This is going to be a big year for Lenny. Bowles is going to want to get the run game going, and defenses would be fools to stack the box. LFG.

  10. Bucsfan13 Says:

    Lenny tiptoes around the line too much. His vision is horrible. Gio was a better runner than Lenny. Gio has good vision and burst.

  11. 2022 Year of the GOAT RETURN Says:

    I care about average yards per carry….. 4 or more is what we need

  12. SPARKY Says:

    The reason for them quick times is because we never run outside. First down, up the gut. Don’t take long to get there.

  13. GOB Says:

    Run the damn ball, play action, play comp defense. Brady always had his best playoff success when accompanied by a great stable of backs. Sure, he can still chuck it all over the yard, but how far did that get them last year? The addition of Shaq Mason and the kid drafted to play LG tell GOB, they plan on mashing folks in the run game.

  14. gotbbucs Says:

    That’s a good point.

    I think some of this comes down to the Bucs not really caring to get very imaginative with developing a running game.
    They run the ball because they figure they had better do it once in a while to keep the defense honest, never really with the intention to purposely establish the run as part of the offensive game plan.

  15. Bucs Win Says:

    It usually takes me around 30 seconds to hammer the hole.

  16. firethecannons Says:

    We need to run the ball more and use playaction much more!

  17. Anonymous Says:

    gotbucs says:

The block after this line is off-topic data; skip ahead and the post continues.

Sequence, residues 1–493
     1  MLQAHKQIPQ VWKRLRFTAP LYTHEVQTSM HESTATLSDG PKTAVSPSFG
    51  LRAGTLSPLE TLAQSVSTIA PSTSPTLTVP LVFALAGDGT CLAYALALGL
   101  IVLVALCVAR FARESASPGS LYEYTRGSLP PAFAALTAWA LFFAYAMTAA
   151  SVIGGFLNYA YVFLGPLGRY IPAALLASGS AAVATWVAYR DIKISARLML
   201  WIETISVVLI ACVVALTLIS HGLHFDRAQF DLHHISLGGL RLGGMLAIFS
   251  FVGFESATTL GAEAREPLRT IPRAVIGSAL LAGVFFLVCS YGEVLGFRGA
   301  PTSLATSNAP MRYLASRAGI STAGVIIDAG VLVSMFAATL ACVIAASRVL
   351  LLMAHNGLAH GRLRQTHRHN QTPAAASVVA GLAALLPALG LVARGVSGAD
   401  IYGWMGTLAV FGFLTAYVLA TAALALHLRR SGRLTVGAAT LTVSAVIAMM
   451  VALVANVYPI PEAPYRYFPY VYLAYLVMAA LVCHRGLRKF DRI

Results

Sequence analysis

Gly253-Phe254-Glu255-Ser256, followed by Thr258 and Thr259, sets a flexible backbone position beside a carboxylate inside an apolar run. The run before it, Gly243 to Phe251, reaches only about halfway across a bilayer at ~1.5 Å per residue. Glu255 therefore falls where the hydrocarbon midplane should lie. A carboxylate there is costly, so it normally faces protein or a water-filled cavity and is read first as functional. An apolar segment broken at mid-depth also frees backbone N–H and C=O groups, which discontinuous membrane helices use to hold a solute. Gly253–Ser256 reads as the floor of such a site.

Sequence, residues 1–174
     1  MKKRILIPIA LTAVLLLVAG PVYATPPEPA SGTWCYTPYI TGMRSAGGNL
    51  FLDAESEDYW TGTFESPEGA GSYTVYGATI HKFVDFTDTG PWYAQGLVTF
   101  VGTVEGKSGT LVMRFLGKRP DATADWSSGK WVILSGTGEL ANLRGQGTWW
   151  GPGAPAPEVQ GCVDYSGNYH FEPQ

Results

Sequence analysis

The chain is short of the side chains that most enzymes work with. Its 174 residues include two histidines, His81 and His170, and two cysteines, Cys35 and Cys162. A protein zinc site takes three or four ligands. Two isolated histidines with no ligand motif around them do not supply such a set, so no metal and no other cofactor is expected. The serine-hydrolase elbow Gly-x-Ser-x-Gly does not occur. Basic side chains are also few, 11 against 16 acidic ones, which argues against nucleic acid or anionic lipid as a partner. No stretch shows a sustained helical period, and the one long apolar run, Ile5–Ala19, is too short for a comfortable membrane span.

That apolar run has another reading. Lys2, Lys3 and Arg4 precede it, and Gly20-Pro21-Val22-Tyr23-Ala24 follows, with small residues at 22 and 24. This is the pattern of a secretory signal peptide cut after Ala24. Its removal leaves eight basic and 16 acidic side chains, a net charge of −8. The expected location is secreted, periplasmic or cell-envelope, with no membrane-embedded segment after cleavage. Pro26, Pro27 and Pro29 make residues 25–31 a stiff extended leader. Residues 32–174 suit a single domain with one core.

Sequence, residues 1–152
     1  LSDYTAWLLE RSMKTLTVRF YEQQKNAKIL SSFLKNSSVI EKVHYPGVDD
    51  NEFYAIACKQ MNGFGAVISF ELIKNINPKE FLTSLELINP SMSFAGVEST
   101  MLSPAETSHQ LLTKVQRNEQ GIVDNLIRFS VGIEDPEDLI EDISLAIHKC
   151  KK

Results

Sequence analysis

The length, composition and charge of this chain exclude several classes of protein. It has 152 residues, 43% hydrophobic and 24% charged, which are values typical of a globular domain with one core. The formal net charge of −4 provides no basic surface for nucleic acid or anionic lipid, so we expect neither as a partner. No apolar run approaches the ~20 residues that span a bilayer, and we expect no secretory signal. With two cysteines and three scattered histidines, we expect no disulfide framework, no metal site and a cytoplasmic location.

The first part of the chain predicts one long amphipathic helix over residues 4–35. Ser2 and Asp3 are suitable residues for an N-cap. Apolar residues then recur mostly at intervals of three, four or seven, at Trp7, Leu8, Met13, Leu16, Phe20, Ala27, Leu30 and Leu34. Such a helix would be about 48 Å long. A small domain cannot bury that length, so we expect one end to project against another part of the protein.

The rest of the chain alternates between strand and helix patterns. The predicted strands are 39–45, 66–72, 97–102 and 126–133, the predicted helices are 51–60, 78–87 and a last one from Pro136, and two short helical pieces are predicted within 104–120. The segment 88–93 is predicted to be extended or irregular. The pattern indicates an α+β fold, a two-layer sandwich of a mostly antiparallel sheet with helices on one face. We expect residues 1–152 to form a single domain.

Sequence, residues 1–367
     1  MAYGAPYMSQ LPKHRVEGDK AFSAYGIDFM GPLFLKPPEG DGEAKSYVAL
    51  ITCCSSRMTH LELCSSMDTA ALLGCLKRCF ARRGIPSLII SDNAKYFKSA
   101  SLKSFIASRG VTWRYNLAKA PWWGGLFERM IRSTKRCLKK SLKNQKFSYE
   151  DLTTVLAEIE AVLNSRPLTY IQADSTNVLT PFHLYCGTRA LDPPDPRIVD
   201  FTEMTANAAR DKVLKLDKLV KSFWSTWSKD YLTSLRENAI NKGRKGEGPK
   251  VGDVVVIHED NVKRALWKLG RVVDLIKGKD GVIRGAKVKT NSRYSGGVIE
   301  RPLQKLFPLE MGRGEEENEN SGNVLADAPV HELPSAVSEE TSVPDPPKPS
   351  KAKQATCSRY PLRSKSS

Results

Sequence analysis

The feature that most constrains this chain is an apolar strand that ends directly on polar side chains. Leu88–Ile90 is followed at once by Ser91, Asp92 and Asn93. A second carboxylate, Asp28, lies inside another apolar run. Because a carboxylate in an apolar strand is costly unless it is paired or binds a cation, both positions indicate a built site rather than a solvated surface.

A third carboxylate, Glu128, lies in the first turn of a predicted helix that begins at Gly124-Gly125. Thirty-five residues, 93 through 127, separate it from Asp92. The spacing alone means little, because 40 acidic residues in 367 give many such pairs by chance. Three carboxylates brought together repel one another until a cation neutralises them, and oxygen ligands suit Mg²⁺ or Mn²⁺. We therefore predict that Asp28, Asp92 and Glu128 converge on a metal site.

To the contrary, with the Red Pen wielding BA gone, expect Brady to finally get his way with installing and committing to the 1-2 back set, play-action running scheme which played a huge part in the Pats getting to and einning SB LIII against the Rams in 2018. Gone are the days of running up the gut on first down for little or minus yardage. The Bucs now have too much run blocking talent in Goedeke, Jensen, Shaq Mason, Wirfs, Gronk, Otten, etc. NOT to get creative and aggressive with the run game. Expect pulling OG behind all that beef on the right side that will pave open wide lanes for Lenny Fournette, Rachaad White, Gio Bernard any of which will consistently pick up 5+ yards and break through the second level for big chunks.

    Brady will now have full control over this hybrid attack which he so effectively used in NE to keep defenses off-balanced and tired on longer sustained drives by staying ‘ahead on downs’ on first and second and then strike deep for Evans, Gage/Godwin across the middle behind LBs and Gronk down the seam. This running scheme will negate the aggressive pass rush while causing opposing secondaries to keep on eye on the back and the other on their zone or receiver. End result is that Buc receivers will gain more separation than they had the last two seasons when the Bucs run game was so transparent and expected.

    This new running scheme will have opponents DCs tearing their hair out while their franchise QBs are kept off the field as Brady grabs time of possession by scoring TDs on longer drives consistently instead of the “no risk it no biscuit” quick scoring drives that BA loved so much.